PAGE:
by Ali G. Macabalang
Bismillahir Rahmanir Raheem.
In my Facebook wall – Mindanao Tapatan Lane, a large number of guest-posts evolved, still growing, around pros and cons on the presidential candidacy of former Senator Bongbong Marcos.
His candidacy has ostensibly divided all sectors, including Muslim Filipinos and even our ulama (spiritual leaders). Those wanting Bongbong to sit in Malacañang invoke about sparing him from the offenses of his father’s martial rule that left hundreds if not thousands of ethnic Muslims massacred (women raped) in Kausuwagan, Lanao del Norte; Palimbang, Sultan Kudarat; and Carmen, North Cotabato, among others.
The massacres happened because the Marcos military establishment recruited uneducated street guys, whose mere qualifications were their knowledge to handle guns and kill.
But the positive feats of the Marcos era are conveniently harped about Bongbong, such as the building of the LRT, CCP, ICCP, San Juanico Bridge, construction of diversion canal on Agus River to magnify hydroelectricity generation from Lake Lanao, and etc. (The building of the bridge and Agus I Dam, by the way, allegedly involved kidnapping of poor children and adults, made as human sacrifices.)
Those aforementioned infrastructures were indeed monumental. But I would like to ask the BBM Muslim supporters, have they benefitted from those infrastructures that are located outside Mindanao – except for the Agus I Dam?
The Agus I Dam had adversely affected the ecology of Lake Lanao. One tangible example is the loss of many local fish species – Bonggaong, Lindeg, Baolan, Tomaginting.
The Marcos regime was known for sowing dissension among the MNLF, luring key revolutionary leaders to “return” to the folds of law and offered them logging concessions – a scheme that left many of our forests bald and had opened the gates of flooding in surrounding low areas.
The Marcos regime failed to pave the Lanao del Sur circumferential road and the Marawi-Cotabato highway, both road networks deemed as Mindanao’s original reference point (as evidenced by the Kilometer 000 in Marawi City.)
Parts of both road stretches were paved only during the time of President Fidel Ramos, who defied his own second cousin FM because of the latter’s abuses. Ramos’ withdrawal of support led to the EDSA Revolution I that deposed the dictator.
The Agus I Dam has indeed magnified hydroelectric generation from Lake Lanao. But do the people living around the lake have ample electricity until now?
The rise of Bongbong to the national leadership as an elected senator happened at a time when the MILF was on the verge of completing the Bangsamoro Basic Law (BBL). The MILF peace panel incorporated a provision in the BBL that would provide the Bangsamoro governance to enjoy authority over Lake Lanao management.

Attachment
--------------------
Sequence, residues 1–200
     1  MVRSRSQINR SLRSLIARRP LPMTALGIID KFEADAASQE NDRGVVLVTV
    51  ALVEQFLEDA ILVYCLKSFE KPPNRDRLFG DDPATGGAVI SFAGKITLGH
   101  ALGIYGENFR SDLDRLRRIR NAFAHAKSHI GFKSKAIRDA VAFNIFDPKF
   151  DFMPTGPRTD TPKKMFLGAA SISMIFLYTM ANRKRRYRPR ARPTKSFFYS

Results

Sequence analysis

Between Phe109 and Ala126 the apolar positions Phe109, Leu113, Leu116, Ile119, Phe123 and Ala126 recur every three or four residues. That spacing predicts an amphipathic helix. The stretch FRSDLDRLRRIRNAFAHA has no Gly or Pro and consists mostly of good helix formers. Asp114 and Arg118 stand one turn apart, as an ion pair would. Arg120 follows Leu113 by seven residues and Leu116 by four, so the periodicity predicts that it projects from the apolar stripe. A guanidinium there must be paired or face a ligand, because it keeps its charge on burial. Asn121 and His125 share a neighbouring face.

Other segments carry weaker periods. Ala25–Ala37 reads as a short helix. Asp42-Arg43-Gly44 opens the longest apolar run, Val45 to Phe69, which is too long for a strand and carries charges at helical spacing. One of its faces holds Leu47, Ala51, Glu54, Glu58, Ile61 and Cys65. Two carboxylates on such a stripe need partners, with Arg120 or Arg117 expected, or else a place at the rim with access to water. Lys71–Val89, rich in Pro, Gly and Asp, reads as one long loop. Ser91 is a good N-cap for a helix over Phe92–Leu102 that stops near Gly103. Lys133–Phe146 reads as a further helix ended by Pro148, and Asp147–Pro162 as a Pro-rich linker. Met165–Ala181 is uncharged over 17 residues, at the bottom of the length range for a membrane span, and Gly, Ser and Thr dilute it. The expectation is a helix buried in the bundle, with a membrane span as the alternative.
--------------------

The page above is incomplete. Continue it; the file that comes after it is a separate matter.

But Bongbong, being the chair of the Senate Committee on local government, rejected the MILF desire. Lanao Sur’s youth leader Drieza Lininding attended one Senate hearing to convey the Maranao’s sad plight and concerns in the unilateral grip of “Imperial Manila ” over the lake. Bongbong ignored him as evidenced in a recorded video.
Another video clip showed Bongbong pointing out: “Mr. (Senate) President, I cannot support BBL in its present form, hindi ito magbibigay ng kapayapaan.”
The BBL was archived (killed) when senators rode on the public outrage over the Jan. 25, 2015 bloody encounter in Mamasapano, Maguindanao that left 44 SAF troopers alongside MILF, BIFF and civilian residents.
The BBL has been resurrected into Bansamoro Organic Law (BOL), courtesy of PRRD. The BOL prescribed co-management with the national government over Lake Lanao.
When Bongbong as senator visited Cotabato City, I had interviewed him exclusively for Manila Bulletin. I sensed in him an obvious elite stature in answering my questions – too different from dignitaries I had mingled with.
I had interviewed the late FM, Cory, FRV, PGMA, PNoy, Erap and also PRRD when he was mayor. These VIPs were more humane in answering questions. Bongbong, on account of his birth on a silver platter, is too high to reach for me, much more for an ordinary Juan or Abdul.
Some groups have arranged a one-on-one talk with Mayor Isko, who reportedly agreed. I had huddled with Isko in a rare meeting in Buluan, Maguindanao and he was so humble – a characteristic shaped by his poor family history.
I guarantee whatever I earned in my 44 years of media practice that Bongbong will be more elite when he is elected president.
So, my own choice of a next President will never be Bongbong. I am afraid he will torpedo again the half-carried mandates of the BOL. May Allah (SWT)